First past the post split the vote tactics
Keep those leaflets coming in, folks!
There is going to be electoral reform in this country one day, maybe 10 years, maybe 20 years in the future. And ElectionLeaflets.org may be one of the few places people will be able to find facts on the ground from the campaign. And these facts will be used to beat over the heads anyone bidding to run the pro-reform campaign so they don’t come out like such an unprepared pack of numpties like this lot have been.
The First Past the Post system produces a brutal, cruel electoral calculus for the voters as well as the campaigners.
Here, for example, is the news from the Cambridge Ward of Sefton (in Southport).
The results were:
We have a good, (though nowhere near complete) record of leaflets from that area.
The record shows LibDem and Conservative leaflets for the run-up to the 2010 elections all the way through. In fact we have only one from the 2009 Euro elections.
The Southport parliamentary constituency is very much an alternating Liberal-Tory seat, and has been since 1885, with Labour rarely making it into second place.
What I hear now is that Labour are suddenly — in this election cycle — campaigning very hard in Cambridge Ward, a place where they most recently scored 8% of the vote.
Here are some leaflets from the last week. I am told there are more, including street posters, and no doubt door-to-door canvassing.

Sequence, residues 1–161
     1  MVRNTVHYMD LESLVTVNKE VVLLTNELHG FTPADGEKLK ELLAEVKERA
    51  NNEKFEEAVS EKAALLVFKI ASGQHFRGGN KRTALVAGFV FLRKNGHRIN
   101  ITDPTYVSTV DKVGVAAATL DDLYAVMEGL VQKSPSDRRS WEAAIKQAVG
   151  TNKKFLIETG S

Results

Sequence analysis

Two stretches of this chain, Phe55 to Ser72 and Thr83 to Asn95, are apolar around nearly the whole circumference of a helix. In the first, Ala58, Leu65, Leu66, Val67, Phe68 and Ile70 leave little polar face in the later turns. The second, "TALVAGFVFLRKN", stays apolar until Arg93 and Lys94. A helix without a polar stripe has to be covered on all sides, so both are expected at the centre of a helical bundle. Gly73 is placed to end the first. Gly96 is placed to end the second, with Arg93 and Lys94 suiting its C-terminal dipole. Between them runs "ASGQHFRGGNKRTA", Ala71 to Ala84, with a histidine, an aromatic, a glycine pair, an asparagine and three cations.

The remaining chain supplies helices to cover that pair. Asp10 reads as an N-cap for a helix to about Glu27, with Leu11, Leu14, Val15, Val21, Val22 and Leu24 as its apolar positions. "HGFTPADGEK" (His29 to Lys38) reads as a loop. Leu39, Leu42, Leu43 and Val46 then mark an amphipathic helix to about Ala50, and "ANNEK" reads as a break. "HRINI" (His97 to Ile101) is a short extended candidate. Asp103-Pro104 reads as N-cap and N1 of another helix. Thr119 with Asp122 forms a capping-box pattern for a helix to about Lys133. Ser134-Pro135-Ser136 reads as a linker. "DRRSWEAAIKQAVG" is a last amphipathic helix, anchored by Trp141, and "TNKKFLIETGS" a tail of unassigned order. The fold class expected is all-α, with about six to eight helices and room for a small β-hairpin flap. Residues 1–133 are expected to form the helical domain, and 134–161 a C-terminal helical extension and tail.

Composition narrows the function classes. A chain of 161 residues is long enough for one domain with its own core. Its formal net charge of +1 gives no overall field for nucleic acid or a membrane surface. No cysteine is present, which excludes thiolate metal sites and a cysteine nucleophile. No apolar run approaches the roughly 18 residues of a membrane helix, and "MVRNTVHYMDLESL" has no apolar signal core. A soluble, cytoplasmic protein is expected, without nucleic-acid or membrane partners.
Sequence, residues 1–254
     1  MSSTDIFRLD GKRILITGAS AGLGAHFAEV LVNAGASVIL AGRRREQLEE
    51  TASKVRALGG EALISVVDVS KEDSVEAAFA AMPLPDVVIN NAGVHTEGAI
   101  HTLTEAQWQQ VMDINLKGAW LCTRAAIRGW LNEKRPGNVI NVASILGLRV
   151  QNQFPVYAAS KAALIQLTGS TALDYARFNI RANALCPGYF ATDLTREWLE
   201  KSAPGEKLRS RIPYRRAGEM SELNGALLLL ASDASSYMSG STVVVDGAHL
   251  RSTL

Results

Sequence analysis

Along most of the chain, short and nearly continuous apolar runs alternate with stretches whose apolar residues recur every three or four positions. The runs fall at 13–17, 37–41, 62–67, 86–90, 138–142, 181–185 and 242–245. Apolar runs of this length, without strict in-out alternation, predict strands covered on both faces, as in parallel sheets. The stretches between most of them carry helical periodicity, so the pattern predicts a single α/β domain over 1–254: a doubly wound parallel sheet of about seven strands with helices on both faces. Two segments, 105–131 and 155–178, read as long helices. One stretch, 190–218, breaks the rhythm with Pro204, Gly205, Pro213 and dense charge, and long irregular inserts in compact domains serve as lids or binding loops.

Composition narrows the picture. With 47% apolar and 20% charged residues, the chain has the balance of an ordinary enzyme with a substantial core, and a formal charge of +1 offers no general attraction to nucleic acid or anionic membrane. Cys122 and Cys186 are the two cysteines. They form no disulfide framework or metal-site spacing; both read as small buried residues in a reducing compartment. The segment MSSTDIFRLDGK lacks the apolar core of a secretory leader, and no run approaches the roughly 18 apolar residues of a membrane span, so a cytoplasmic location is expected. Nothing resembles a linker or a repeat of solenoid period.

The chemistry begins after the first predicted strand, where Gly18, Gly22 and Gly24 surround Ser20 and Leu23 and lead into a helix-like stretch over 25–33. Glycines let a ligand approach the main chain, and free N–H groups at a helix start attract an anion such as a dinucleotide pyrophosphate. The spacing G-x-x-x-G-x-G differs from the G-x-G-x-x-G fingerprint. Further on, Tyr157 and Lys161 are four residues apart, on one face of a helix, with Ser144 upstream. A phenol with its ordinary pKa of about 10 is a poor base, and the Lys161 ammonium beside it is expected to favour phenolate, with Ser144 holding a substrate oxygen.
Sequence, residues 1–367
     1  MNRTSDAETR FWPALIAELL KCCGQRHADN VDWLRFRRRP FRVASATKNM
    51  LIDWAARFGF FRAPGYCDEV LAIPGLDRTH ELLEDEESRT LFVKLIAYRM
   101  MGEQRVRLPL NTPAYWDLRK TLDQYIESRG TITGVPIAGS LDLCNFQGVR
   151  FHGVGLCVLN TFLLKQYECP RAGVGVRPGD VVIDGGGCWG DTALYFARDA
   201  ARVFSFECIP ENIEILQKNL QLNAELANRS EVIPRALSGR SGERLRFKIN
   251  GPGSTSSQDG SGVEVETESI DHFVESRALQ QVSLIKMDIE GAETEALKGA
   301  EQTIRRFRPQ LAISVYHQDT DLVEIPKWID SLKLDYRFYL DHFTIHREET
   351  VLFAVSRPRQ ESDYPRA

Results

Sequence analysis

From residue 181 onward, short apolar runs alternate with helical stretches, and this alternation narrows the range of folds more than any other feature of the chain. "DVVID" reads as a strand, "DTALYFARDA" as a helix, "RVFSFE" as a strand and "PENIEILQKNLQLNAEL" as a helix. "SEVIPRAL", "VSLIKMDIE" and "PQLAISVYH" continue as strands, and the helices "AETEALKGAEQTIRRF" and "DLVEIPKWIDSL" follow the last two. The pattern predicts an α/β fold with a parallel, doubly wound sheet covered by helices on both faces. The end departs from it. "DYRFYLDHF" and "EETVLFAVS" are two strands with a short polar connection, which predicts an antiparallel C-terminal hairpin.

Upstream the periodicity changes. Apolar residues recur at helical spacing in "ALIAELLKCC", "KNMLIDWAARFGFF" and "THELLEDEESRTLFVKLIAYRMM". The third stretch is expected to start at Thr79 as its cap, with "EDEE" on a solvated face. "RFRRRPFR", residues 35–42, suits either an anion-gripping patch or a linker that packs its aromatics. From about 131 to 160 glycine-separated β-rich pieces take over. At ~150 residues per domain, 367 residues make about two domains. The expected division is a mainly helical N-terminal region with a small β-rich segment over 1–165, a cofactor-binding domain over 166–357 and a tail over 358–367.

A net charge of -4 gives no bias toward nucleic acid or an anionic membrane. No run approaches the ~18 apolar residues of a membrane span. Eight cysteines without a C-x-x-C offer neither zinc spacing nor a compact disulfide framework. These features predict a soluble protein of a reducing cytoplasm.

Remember, the Labour Party has never existed in this ward before. But this year they are really going for it.
Now they are not to going to come close to winning. But what they are trying to do is split the LibDem vote.
According to the numbers, if they can peel 800 votes from the LibDem result from last year, then — according to the First Past the Post system — the Tory candidate is going to take the seat.
Why is it an advantage for Labour if they can convert a LibDem seat into a Tory one?
Well, it’s all about going after vulnerabilities. The Tory vote is generally very hard (there are people who are genetically programmed to vote Tory no matter what happens).
The only tactic open to the Labour party is to take down and demoralize the LibDem party and ultimately replace them as the second party in this area.
Making more Tory councillors in the borough is a perfectly acceptable result in the short term while they move the second place party aside and make room for themselves — within the game rules of the electoral system.
Meanwhile, the voters are simply ignorant pawns in this game who don’t know what fools they are being taken for.
Looking at it from the simple approximation of the ideology, you have Labour on the Left, Conservatives on the Right, and LibDems in the Centre. Now the LibDems and Conservatives have formed a coalition which is somewhere close to the average of the two in the Centre-Right. And Labour, calling for some of the Centre-Left-minded LibDem voters to move their vote over to Labour on the Left, knows and intends for this to produce a further to the Right result.
So, essentially, the outcome moves in the exact opposite direction to what the voter intended.
This electoral gaming plays all the way through the system up and down the country, wherever the First Past the Post systems is applied. If voters really knew about it, they wouldn’t stand for it, because it is very much like being knocked around the table like snooker balls.
But there’s no way the public at large can form an understanding of the system. It’s not taught in schools. Journalists, who won’t research how party organizing works, can’t report it. And politicians aren’t going to give away their secrets.
In fact, as we have seen with this AV campaign, they generally favour a system can be played against the public in this way.
Twas ever thus. For more, read about Electoral fusion. which was the practice in America for third parties to make an influence without wasting their vote — until it was banned because it was too representative.